driver.h. Return  
o SUCCESS for successful retrieval of job,  
o DRIVER_CLOSED_ERROR when the driver is closed, and  
o DRIVER_GEN_ERROR on encountering any other generic error of any sort.  
driver_non_blocking_schedule: Checks if the given driver has space to accommodate the new  
job and populates it. This is a non-blocking call, i.e., the function simply returns if the queue  
is full. The return type is enum driver_status as defined in driver.h. Return  
o SUCCESS for successful queuing of job,  
o DRIVER_FULL if the queue is full and the data was not added to the queue,  
o DRIVER_CLOSED_ERROR when the driver is closed, and  
o DRIVER_GEN_ERROR on encountering any other generic error of any sort.  
driver_non_blocking_handle: Picks up data from the given driver and stores it in the  
function’s input parameter job (Note that it is a double pointer). This is a non-blocking  
call, i.e., the function simply returns if the driver is empty. The return type is enum  
driver_status as defined in driver.h. Return  
o SUCCESS for successful retrieval of job,  
o DRIVER_EMPTY if the driver is empty and nothing was stored in job  
o DRIVER_CLOSED_ERROR when the driver is closed, and  
o DRIVER_GEN_ERROR on encountering any other generic error of any sort.  
driver_close: Closes the driver and informs all the blocking schedule/handle/select calls to  
return with DRIVER_CLOSED_ERROR. Once the driver is closed, schedule/handle/select  
operations will cease to function and return  
o SUCCESS if close is successful,  
o DRIVER_GEN_ERROR in any other error case.  
driver_destroy: Free all the memory allocated to the driver. The caller is responsible for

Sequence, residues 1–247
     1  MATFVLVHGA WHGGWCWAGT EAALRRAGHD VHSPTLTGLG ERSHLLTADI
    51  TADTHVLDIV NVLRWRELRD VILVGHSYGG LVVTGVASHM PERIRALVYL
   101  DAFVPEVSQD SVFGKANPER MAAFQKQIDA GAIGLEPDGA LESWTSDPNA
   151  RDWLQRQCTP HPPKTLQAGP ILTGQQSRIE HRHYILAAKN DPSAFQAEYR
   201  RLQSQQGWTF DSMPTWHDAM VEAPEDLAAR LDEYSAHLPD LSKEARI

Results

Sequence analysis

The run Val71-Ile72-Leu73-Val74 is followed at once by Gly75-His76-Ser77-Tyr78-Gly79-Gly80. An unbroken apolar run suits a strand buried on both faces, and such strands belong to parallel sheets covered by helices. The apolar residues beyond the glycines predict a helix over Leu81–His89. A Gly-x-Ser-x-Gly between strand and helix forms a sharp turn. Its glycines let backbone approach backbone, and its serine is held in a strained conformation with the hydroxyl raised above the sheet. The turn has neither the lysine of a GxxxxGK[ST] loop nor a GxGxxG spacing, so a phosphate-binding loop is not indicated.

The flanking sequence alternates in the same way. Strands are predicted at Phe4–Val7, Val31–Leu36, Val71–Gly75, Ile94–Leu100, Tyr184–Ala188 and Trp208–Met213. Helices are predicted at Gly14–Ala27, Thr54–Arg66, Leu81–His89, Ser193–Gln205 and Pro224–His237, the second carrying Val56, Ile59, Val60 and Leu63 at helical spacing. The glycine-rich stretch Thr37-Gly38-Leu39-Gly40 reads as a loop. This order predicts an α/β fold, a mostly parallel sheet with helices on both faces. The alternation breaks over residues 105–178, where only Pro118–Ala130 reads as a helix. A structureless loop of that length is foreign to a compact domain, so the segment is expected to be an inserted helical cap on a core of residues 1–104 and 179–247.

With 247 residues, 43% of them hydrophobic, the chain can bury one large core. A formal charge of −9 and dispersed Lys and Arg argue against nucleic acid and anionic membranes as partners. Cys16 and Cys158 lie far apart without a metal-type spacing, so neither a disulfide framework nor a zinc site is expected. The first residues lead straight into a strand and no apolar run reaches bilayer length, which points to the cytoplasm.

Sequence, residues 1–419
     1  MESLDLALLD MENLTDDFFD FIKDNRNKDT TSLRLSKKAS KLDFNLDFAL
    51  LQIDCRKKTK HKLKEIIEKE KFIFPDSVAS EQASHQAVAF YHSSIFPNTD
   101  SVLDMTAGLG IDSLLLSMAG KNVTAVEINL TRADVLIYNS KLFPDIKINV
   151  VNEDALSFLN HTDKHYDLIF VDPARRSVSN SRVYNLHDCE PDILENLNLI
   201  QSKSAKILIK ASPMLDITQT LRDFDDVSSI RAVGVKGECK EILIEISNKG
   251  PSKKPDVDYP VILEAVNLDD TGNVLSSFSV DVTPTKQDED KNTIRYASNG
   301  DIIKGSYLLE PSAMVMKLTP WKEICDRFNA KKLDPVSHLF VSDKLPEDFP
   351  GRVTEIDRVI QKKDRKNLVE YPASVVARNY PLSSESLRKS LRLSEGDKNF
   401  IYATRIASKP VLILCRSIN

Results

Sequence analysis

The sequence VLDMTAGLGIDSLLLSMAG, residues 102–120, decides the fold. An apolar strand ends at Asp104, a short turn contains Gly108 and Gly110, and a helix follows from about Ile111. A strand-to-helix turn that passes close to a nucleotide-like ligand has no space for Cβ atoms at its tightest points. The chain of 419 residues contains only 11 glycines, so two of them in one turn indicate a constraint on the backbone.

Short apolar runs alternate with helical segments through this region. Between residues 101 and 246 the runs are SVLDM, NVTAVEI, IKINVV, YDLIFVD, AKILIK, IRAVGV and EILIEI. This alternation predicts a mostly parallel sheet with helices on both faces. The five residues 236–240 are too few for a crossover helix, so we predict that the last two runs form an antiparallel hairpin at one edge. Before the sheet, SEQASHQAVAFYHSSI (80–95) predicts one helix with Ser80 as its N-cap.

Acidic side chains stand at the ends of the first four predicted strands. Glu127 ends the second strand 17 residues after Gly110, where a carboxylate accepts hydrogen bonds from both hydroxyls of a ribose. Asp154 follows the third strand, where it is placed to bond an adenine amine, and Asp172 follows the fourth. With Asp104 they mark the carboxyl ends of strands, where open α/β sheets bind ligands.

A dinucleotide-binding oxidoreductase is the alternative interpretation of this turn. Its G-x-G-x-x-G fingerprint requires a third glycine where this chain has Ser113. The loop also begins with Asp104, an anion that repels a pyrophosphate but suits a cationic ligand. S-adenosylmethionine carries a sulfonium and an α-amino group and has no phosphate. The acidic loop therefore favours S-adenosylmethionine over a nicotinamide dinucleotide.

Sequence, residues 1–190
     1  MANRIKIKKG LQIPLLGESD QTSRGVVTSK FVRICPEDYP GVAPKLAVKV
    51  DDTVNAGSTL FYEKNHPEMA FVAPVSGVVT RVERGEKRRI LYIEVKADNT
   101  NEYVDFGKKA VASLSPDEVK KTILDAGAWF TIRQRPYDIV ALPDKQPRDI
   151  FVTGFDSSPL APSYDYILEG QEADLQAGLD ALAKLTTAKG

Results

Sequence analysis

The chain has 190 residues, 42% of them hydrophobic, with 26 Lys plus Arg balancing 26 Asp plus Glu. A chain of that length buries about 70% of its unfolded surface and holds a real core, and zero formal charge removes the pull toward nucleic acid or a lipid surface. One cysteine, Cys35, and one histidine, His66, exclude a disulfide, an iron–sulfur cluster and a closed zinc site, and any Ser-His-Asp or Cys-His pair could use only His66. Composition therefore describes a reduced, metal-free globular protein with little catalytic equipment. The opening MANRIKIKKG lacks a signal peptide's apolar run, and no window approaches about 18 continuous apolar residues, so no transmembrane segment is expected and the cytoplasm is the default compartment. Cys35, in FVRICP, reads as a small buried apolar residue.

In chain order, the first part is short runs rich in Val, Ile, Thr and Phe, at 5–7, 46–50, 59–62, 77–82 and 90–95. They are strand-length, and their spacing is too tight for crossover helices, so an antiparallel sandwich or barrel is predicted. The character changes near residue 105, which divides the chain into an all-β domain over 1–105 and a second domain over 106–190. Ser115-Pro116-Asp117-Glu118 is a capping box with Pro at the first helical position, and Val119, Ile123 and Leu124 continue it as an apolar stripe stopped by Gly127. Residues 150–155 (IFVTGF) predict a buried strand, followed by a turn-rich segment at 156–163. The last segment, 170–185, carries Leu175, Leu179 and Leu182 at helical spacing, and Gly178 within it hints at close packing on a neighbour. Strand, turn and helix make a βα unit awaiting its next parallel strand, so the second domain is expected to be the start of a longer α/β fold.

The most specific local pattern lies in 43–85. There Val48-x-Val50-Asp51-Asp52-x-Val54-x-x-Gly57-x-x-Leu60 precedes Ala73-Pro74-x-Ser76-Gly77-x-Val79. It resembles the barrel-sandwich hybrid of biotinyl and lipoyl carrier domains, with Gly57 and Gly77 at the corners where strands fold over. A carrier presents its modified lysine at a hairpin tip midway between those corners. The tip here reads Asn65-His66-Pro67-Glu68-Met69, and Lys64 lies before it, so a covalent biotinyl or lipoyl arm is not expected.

calling driver_close and waiting for all threads to finish their tasks before calling  
driver_destroy. Return  
o SUCCESS if destroy is successful,  
o DRIVER_DESTROY_ERROR if driver_destroy is called on an open driver, and  
o DRIVER_GEN_ERROR in any other error case.  
driver_select: Takes an array of drivers, driver_list, of type select_t and the array length,  
driver_count, as inputs. This API iterates over the provided list and finds the set of possible  
drivers which can be used to invoke the required operation (schedule or handle) specified in  
select_t. If multiple options are available, it selects the first option and performs its  
corresponding action. If no driver is available, the call is blocked and waits until it finds a  
driver which supports its required operation. Once an operation has been successfully  
performed, select should  
o set selected_index to the index of the driver that performed the operation and then  
return SUCCESS.  
o In the event that a driver is closed or encounters an error such as  
DRIVER_GEN_ERROR, you should propagate the error and return the error through  
select. Additionally, set selected_index to the index of the driver that generated the  
error.  
Notice: for select function, you can safely assume that all drivers in the driver_list are  
queued (queue size > 0).  
select_t: This struct has following parameters:  
driver_t* driver: Driver on which we want to perform operation  
enum operation op: Specifies whether we want to handle (HANDLE) or schedule (  
SCHDLE) on the driver.  
void* data: If op is HANDLE, then the job handled from the driver is stored as an  
output in this parameter, job. If op is SCHDLE, then the job that needs to be  
scheduled is given as input in this parameter, job.  
Support Routines  
The queue.c file contains the helper constructs for you to create and manage a queued driver. These  
functions will help you separate the queue management from the concurrency issues in your driver  
code. Please note that these functions are NOT thread-safe. You are welcome to use any of these  
functions, but you should not change them.  
queue_t* queue_create(size_t capacity): Creates a queue with the given capacity.